Why Every Dog Guardian Should Work with a Positive Reinforcement, Credentialed Trainer

Being a pet dog trainer is kind of weird.


You see, our industry wasn't really around until the late 90's, early 2000's. Ask anyone who was raised with dogs in the 60's, 70's, and 80's if they took their dogs to training classes or ever hired a private dog trainer to come to the home and assist them with training their dogs. Overwhelmingly the answer will be "no". Maybe they did one course of group "obedience training" where the dogs got marched repeatedly in a circle, and yanked by the collar until the dog learned to heel, but that was probably it. And using food in training? That was simply unheard of.



Our dogs used to be "just pets"; if they behaved aggressively or became too much work, we got rid of them, whether that was bringing them to the pound, letting them loose, or other, worse outcomes.


But the landscape of dog owning has changed rapidly, in many ways for the better. Now? Our dogs are real members of our families. They live in our houses with us and sleep in bed with us, we buy them organic cotton toys and feed them human grade treats. We set up play dates with their doggie friends, and work hard to meet their needs. Dogs are no longer just "pets". It's a wonderful thing!


On the flip side: we expect more now from our dogs then ever before. Because our dogs' lives are so entwined with ours now, things are more complicated if our dog develops behavior problems, especially if those problems result in fearful or aggressive behavior. Now our dogs go with us everywhere. Drop off and pick up at school? The dog is expected to wait calmly and patiently in the car. Dining alfresco down town? The dog is expected to lie calmly underneath the table as servers pass by with spaghetti bolognese and chicken parmigiana. Going for a hike? The dog is expected to be reliable off leash, coming when called 100% of the time and ignoring environmental distractions for a pat on the head and maybe a milk bone. None of these are easy feats for a dog, and yet they've become automatically expected for the vast majority of our canine companions!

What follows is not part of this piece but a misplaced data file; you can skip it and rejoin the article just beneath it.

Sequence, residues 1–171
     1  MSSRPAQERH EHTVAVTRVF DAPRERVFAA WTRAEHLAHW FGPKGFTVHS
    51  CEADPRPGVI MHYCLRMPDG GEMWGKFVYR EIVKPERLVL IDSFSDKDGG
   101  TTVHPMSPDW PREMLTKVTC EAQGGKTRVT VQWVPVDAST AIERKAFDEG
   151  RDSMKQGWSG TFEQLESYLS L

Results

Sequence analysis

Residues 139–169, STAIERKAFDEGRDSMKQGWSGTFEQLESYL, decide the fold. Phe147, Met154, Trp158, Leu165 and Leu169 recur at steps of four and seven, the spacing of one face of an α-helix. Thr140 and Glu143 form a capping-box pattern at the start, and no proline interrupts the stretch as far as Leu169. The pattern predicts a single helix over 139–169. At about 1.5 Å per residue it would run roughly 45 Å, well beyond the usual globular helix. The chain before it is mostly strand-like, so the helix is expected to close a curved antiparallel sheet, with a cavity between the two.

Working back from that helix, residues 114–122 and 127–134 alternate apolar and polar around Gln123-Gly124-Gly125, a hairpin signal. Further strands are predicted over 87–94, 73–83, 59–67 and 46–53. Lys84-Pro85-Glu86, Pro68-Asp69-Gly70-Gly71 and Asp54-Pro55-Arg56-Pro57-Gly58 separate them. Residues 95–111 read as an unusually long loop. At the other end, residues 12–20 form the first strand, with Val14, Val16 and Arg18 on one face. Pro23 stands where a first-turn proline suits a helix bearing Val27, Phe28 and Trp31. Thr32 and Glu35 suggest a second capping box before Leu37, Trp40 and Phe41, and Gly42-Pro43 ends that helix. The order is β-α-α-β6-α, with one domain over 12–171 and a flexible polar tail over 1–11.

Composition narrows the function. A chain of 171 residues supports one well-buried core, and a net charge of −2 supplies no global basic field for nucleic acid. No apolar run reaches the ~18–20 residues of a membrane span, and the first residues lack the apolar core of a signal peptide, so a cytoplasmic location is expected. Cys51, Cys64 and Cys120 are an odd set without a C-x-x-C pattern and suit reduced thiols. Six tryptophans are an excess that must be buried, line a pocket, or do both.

And that is why I do truly believe: investing in good dog training right away, the moment your dog or puppy arrives home with you, BEFORE any problem behaviors develop, is the key to a long, successful life with your dog. I realize I'm biased, but that doesn't make me believe this any less!


I think many people figure they've owned and lived with dogs before, so this time it won't be so different. So they muddle through as best they can until things really start to get difficult and the dog already has established behavior issues. But what if, instead, everyone realized that having an unbiased, outside set of eyes on your dog, evaluating their strengths and helping you to identify where they need the most help, right from the start was the best way to raise your dog? What if we all agreed that just living with a dog isn't enough to become an expert on the species, and that hiring a professional from the start is the best practice for dog owners and guardians everywhere, even if you've had dogs before?



I cannot overstate this: prevention is the best medicine when it comes to our dogs and their behavior. You are so, so much better served enrolling your dog in a group class or signing up for private lessons immediately (whether you're bringing home an 8 week old puppy from the breeder's or a 7 year old rescue!) than waiting for things to start to go south and hoping that a trainer can fit you in within the next month (I've spent most of this year booked 4-8 weeks out in advance, so that's another reason to get in with a trainer early!) By researching (see this video for tips about how to find a trustworthy trainer near you: https://www.youtube.com/watch?v=gCe6WP5dtW4) and engaging a trainer's services the moment you plan on bringing your new dog home, you are setting everyone up for success for the remainder of your dog's life!



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